Chrome does not yet support every direction of control flow enforcement. Stack protection enforces the reverse-edge of the call graph but does not constrain the forward-edge. It will still be possible to make indirect jumps around existing code as stack protection is only validated when a return instruction is encountered, and call targets are not validated. On Windows a technology called Control Flow Guard (CFG) can be used to verify the target of an indirect function call before it is attempted. This prevents calling into the middle of a function, significantly reducing the scope of useful instructions for attackers to use. Another approach is provided by Intel’s CET which includes an ENDBRANCH instruction to prevent jumps into arbitrary code locations. Memory tagging tools such as MTE can be used to make it more difficult to modify pointers to valid code sequences (and makes UAFs more difficult in general). We are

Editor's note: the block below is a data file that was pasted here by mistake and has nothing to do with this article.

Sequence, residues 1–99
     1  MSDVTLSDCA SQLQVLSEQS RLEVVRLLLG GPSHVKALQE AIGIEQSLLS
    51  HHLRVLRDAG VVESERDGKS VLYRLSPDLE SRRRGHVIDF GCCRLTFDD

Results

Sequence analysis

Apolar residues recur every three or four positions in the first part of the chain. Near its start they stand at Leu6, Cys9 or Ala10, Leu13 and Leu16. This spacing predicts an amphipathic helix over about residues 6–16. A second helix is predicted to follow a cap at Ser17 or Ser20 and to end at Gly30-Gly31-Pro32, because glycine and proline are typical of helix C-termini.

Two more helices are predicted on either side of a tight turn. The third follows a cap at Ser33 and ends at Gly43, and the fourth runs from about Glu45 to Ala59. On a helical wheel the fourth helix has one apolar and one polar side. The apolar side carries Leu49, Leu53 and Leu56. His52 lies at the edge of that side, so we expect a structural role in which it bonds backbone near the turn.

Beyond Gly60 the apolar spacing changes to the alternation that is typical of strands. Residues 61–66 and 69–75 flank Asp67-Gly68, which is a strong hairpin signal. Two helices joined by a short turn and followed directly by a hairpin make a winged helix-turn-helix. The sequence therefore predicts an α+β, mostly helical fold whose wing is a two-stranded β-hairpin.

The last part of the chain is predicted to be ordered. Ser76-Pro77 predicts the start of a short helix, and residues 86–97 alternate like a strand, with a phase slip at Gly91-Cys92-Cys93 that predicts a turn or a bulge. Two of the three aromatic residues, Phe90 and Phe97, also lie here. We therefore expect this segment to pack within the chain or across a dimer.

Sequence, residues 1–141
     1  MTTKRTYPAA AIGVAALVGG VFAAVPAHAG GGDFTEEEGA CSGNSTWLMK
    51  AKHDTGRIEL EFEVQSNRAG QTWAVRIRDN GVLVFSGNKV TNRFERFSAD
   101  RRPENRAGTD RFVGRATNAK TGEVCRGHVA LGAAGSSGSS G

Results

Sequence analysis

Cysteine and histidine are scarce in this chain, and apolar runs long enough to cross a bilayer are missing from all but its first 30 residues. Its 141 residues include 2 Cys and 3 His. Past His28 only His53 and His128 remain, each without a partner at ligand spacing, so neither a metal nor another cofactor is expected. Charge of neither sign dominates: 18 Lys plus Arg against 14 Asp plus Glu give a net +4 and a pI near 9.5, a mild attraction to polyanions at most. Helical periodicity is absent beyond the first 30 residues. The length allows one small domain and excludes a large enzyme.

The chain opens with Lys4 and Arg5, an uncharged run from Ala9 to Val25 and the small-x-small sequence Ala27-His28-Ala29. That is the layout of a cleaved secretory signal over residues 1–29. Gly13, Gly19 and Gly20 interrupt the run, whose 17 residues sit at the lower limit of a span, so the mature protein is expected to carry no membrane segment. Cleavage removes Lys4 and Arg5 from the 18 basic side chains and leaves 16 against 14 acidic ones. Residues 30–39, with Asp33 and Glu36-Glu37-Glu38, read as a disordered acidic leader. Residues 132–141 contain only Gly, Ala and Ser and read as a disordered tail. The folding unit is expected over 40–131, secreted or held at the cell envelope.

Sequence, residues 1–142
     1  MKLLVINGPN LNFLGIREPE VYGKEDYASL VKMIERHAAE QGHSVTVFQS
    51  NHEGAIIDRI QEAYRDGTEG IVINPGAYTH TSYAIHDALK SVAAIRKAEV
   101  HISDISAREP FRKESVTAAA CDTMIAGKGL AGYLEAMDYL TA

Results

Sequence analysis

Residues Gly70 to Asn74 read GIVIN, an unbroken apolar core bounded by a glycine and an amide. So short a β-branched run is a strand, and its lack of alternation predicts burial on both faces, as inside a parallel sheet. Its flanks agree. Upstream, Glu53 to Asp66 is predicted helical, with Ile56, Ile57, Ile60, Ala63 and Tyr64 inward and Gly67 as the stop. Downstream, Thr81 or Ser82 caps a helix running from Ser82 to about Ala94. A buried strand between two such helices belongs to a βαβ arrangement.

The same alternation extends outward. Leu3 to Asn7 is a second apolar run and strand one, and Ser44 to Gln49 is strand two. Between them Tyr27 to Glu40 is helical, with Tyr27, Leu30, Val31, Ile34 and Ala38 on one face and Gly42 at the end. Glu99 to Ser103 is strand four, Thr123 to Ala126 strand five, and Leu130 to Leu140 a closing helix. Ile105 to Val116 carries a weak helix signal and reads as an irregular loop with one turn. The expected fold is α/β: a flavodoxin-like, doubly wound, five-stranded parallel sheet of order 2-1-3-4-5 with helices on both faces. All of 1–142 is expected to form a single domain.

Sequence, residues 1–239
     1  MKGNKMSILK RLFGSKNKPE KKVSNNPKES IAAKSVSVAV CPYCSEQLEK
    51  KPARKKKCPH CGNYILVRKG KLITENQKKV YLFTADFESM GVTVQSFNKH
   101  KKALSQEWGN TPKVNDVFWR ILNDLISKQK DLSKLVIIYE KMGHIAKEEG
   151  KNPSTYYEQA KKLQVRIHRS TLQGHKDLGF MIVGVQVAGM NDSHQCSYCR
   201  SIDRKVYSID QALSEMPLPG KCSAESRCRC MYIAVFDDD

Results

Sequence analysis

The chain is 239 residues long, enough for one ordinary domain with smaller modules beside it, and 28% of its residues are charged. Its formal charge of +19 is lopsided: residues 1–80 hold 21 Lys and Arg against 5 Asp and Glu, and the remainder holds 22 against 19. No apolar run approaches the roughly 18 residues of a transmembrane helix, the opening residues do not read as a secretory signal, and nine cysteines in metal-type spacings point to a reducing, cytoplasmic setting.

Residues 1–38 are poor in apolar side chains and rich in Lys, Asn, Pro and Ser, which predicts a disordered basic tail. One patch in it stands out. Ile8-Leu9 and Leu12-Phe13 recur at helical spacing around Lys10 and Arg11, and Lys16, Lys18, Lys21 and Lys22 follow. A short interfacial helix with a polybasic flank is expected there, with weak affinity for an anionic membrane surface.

You can see which Chrome processes are opted-out of CET by consulting the Mitigations field of chrome://sandbox and clicking ‘+’. All processes are included unless the mitigation CET_USER_SHADOW_STACKS_ALWAYS_OFF is present in the expanded details view.

If you are developing software, or debugging a problem in Chrome the shadow stack can be helpful as it includes only return addresses, and these cannot be corrupted by rogue writes elsewhere in the process. To see these registers use the `r` command in windbg with the mask option:

0:159> rM 8002

rax=00000000c000060a rbx=000000fa5bbfeff0 rcx=0000000000000030

rdx=0000000000000000 rsi=00007ffba4118924 rdi=000000fa5bbff1a0

rip=00007ffc1847b4a1 rsp=000000fa5bbfc0a0 rbp=000000fa5bbfc0a0